To look back over the events of the two years since Article 50 was triggered is to look back at a series of disasters that follow a predictable pattern. First the Prime Minister considers a moderate, cross-party solution to satisfy MPs across her party, then the European Research Group rejects that idea, and ultimately the government suffers a heavy loss.
The casual observer would reach for the maxim that insanity is doing the same thing over and over again and expecting different results. Is Theresa May a skilled politician? No, but it is also untrue to say that her party management difficulties are completely of her own making. The issues that are creating our current predicament – with a government that has the confidence of the Commons in theory, but cannot pass legislation in reality – are evidence of a deeper constitutional issue. That issue is the Fixed-Term Parliaments Act 2011.
Thanks to our first-past-the-post system, the UK usually has majority governments. It is supposed to produce a hung parliament result only very occasionally, though that is becoming a more regular occurrence. In theory, what should happen under these minority government conditions is that the ruling party works with small parties to get its programme passed. This tends to keep business uncontroversial, with a government moderating its positions. And yet this is clearly not the situation we are in with Brexit.
The government’s adoption of a position designed to please the right of the Conservative Party may have been able to stand up before the introduction of the FTPA. If it looked as if the government might struggle to win a key vote in parliament, it used to be the case that it could be designated as a ‘confidence vote’. Upon losing such a vote, the government would dissolve and call an election in order to seek a mandate to pass the legislation. Backbenchers in the ruling party would then only vote against the motion if they wanted to bring their own government down and trigger an election.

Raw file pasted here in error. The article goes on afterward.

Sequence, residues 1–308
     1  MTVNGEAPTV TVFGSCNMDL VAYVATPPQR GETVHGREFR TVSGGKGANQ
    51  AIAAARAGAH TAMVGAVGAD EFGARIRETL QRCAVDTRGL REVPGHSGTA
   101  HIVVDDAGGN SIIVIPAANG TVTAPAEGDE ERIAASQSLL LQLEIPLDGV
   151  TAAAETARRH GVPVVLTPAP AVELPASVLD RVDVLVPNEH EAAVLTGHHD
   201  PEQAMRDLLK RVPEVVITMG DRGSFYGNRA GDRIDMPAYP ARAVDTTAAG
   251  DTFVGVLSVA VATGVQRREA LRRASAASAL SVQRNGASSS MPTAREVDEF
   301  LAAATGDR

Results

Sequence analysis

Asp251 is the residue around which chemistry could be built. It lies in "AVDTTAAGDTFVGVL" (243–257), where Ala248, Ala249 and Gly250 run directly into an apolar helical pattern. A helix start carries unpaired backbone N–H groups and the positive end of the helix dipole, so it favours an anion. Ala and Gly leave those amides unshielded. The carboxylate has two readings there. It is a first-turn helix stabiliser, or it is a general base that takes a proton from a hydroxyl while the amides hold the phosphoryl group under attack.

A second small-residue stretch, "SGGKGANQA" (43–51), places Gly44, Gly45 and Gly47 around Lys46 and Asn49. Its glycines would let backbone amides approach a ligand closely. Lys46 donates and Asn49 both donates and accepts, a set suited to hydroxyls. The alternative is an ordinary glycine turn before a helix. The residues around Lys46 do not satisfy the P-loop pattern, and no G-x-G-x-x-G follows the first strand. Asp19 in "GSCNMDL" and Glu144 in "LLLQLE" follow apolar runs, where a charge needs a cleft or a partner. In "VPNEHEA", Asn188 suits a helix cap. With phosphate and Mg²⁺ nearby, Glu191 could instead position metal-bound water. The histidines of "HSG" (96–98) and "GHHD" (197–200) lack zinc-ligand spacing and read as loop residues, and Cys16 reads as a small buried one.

The problem we face is that the Fixed-Term Parliaments Act has removed the government’s ability to designate key votes as confidence votes. Under the terms of Section 2(4) of the Act, the only motion that can bring down a government is “That this House has no confidence in Her Majesty’s Government”. It must always be a standalone motion in parliament, and cannot be tagged onto other motions to ensure party discipline. It is for this reason that 118 Conservative MPs were able to vote against Theresa May’s deal on 15th January, then vote that they still had confidence in her the very next day.
What is to be done? I do not propose that the act be scrapped altogether. There are some advantages to it, for example removing the power for the Prime Minister to call an election for their own political advantage and building in breathing space for parliament to consider what to do next after bringing down a government. But change is needed. Let’s scrap section 2(4) and replace it with a power for either the Prime Minister, the Leader of the Opposition or a suitable number of other MPs to designate key votes as confidence votes. That way, Jeremy Corbyn won’t merely be able to say “pass your Brexit deal or make way for a government that will” – he will have the legal power to make that happen.